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I was astonished and disappointed to read today that a small number of IFA business owners have approached the FCA and called for action from regulators and lenders to make it easier for them to remain independent against the backdrop of increasing consolidation.

They fail to understand the regulator’s role and their role in the retail financial services space. 
My initial thoughts are as follows:
Regulators are civil servants. They are not quasi business consultants. IFA business owners should seek solutions to their challenges and find the competitive edge required to survive and prosper today.
These IFAs have forgotten that they are business owners in a brutal commercial world. Their job is to make profit and service clients well. Without profit, there would be no business.
The regulator wants rid of smaller IFAs either by acquisition or retirement. They do not hide the reality that they want a small vanilla IFA space with large businesses dominating the market. It’s simply more manageable and more cost-effective to manage.

Here is their manifesto with my comments in italics:

1. Action on the cost of borrowing to help advice firms meet capital adequacy requirements to help smaller firms grow through acquisitions; Seriously, this is each firm’s responsibility not the regulator. There are several quality lenders in the market, including Family Offices and other source of funds.

2.  More education and awareness of advice as a profession to curb worries over staff retention and recruitment; This is the responsibility of each firm. It is also an opportunity for individual firms to stand out against the competition.

3.  An Independent Academy to encourage advice as a second career to tackle the profession’s ‘recruitment gap’; Several individual firms have used their initiative and developed academies, sometimes collectively and sometimes together. Once again, it is an opportunity for differentiation. Universities are keen to work with IFA firms regarding work placement and relevant qualifications.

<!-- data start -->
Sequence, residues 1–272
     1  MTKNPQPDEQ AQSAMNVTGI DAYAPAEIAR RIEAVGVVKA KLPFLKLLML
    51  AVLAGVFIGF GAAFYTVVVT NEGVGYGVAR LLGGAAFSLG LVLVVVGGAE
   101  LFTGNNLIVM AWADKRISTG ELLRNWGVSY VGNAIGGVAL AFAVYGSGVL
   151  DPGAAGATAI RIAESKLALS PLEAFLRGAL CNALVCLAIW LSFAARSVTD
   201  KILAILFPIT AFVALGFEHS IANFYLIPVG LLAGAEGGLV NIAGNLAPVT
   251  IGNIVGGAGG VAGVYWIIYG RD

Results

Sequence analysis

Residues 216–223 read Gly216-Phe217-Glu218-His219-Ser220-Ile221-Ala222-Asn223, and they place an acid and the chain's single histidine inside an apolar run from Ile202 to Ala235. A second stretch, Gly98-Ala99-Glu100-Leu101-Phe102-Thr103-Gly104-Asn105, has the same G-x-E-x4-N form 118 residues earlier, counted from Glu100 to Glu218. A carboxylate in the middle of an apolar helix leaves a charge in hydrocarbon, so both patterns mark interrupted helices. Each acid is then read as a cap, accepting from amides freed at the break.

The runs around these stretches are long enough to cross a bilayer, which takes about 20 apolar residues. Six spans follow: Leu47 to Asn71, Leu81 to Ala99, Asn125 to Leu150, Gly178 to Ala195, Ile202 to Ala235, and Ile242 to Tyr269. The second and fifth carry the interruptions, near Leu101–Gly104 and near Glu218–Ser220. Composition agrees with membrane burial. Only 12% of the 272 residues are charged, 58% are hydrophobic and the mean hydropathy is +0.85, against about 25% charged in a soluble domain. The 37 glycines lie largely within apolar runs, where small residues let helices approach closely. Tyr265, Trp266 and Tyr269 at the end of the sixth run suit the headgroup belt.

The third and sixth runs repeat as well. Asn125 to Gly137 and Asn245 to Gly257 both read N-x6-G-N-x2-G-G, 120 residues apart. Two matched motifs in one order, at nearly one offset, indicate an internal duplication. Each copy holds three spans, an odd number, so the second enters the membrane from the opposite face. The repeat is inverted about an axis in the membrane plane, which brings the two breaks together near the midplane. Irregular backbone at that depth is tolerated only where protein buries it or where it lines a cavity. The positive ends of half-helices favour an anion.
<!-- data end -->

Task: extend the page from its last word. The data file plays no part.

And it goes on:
4. A closer look at the cost of compliance to ensure smaller firms are paying “a proportionate sum” for regulation; and

5.  A “light-touch regulation” approach for those firms that cause the least harm to the financial services industry. Good compliance should be a ‘given’. It is an organisational, training and technology challenge. Economies of scale reduce costs, and it is not beyond IFAs to work together more collectively to overcome much of the above. 

In conclusion
There is little doubt that the UK IFA market is amidst fierce competition and fundamental change. I understand and respect the views of those that have drafted this manifesto, but they are fundamentally flawed. The challenges are there for all IFA businesses, and each is responsible to face this challenge, not the regulator.

By Brian SpenceHSP. Consulting Founder